Effects of Low-Dose Diethylstilbestrol Exposure on DNA Methylation in Mouse Spermatocytes

Low doses of DES inhibits the proliferation of GC-2 cells, alters cell cycle progression, triggers cell apoptosis, and induces male reproductive toxicity

2015 Study Abstract

Evidence from previous studies suggests that the male reproductive system can be disrupted by fetal or neonatal exposure to diethylstilbestrol (DES). However, the molecular basis for this effect remains unclear. To evaluate the effects of DES on mouse spermatocytes and to explore its potential mechanism of action, the levels of DNA methyltransferases (DNMTs) and DNA methylation induced by DES were detected.

The results showed that low doses of DES inhibited cell proliferation and cell cycle progression and induced apoptosis in GC-2 cells, an immortalized mouse pachytene spermatocyte-derived cell line, which reproduces primary cells responses to E2. Furthermore, global DNA methylation levels were increased and the expression levels of DNMTs were altered in DES-treated GC-2 cells. A total of 141 differentially methylated DNA sites were detected by microarray analysis. Rxra, an important component of the retinoic acid signaling pathway, and mybph, a RhoA pathway-related protein, were found to be hypermethylated, and Prkcd, an apoptosis-related protein, was hypomethylated.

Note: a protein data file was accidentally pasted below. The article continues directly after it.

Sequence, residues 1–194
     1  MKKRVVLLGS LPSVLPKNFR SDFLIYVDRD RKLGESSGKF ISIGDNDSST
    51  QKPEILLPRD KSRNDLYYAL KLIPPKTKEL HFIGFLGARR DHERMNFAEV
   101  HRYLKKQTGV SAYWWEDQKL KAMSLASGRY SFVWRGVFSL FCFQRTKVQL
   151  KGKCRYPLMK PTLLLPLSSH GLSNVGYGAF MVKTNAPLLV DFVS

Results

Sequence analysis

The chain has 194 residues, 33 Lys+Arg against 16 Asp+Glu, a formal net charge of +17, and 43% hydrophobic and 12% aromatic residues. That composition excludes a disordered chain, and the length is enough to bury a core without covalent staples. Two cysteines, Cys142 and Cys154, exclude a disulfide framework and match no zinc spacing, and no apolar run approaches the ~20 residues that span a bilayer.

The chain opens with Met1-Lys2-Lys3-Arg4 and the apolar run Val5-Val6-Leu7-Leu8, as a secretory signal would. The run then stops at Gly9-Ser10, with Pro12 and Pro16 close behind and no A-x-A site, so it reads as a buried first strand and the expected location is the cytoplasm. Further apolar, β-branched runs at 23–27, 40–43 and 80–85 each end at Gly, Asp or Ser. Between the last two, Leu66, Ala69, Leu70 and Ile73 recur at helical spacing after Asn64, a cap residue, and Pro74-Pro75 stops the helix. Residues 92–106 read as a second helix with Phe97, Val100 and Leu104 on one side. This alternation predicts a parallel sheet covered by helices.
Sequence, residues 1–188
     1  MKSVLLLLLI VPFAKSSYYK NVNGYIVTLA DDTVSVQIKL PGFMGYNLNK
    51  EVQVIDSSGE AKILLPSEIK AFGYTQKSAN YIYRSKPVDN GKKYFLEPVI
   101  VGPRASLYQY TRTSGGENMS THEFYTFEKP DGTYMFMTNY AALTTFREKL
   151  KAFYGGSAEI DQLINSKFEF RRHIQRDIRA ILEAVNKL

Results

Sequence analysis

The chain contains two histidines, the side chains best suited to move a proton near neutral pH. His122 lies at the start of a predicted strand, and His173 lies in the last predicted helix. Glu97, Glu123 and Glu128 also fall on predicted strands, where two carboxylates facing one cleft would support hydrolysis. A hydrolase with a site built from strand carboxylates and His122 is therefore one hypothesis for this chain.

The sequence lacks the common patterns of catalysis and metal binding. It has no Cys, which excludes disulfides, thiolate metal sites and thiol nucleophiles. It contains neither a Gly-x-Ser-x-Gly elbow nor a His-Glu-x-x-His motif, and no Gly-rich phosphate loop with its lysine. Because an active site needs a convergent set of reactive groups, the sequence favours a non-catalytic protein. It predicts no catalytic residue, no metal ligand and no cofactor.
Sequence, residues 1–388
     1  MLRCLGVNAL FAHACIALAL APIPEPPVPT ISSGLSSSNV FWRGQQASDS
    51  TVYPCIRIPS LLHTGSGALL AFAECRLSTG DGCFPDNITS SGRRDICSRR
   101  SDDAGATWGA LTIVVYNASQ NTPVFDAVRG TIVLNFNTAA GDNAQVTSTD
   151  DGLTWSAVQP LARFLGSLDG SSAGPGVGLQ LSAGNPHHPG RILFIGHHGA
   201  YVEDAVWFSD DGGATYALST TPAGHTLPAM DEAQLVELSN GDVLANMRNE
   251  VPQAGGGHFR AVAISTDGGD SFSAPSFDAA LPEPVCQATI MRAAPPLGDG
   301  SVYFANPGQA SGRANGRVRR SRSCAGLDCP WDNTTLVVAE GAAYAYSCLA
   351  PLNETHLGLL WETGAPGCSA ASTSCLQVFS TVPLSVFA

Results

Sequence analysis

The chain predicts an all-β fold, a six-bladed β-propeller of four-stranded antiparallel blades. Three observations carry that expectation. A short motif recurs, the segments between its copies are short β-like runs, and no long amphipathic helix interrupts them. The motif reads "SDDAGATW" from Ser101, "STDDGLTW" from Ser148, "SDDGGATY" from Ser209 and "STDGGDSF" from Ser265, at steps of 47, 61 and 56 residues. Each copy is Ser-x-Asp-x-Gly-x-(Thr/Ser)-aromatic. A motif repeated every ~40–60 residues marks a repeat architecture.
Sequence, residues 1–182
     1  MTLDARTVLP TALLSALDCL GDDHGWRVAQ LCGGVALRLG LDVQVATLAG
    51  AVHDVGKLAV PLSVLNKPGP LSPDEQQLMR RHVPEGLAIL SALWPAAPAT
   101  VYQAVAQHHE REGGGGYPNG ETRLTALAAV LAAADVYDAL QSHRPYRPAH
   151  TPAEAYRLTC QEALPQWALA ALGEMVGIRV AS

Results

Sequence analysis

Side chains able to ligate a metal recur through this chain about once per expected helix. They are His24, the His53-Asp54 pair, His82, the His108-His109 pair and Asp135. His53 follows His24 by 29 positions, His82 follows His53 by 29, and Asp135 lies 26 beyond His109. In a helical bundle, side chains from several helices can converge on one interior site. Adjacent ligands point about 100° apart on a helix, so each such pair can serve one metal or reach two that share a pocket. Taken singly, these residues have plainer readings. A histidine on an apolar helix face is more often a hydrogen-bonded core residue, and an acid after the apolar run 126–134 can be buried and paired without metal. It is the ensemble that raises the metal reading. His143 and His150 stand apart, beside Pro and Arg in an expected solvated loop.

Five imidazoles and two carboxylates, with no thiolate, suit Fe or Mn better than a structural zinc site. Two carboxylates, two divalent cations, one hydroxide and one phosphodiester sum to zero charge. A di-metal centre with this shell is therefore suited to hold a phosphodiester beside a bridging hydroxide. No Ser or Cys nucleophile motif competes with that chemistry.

These results showed that low-dose DES was toxic to spermatocytes and that DNMT expression and DNA methylation were altered in DES-exposed cells. Taken together, these data demonstrate that DNA methylation likely plays an important role in mediating DES-induced spermatocyte toxicity in vitro.

Effects of DES on GC-2 Cell Viability and Proliferation

To explore the potential cytotoxic effects of DES on GC-2 cells, cell proliferation was assessed. GC-2 cells were treated with various concentrations (0~10−4 M) of DES for 24 h, 48 h, or 72 h. DES exposure clearly reduced the viability of GC-2 cells in a dose-dependent manner within a certain concentration and time range. In addition, cell proliferation was significantly decreased when cells were exposed to different DES concentrations. The proportion of newborn (newly divided) cells decreased with increasing DES concentrations, indicating that the DNA replication capacity of GC-2 cells was decreased following DES exposure. Notably, even at a DES concentration of as low as 2×10−7 M, the proportion of newborn cells was lower than that in the DMSO group, suggesting that low doses of DES had adverse effects on mouse spermatocytes.

Effect of DES on GC-2 Cell Cycle Progression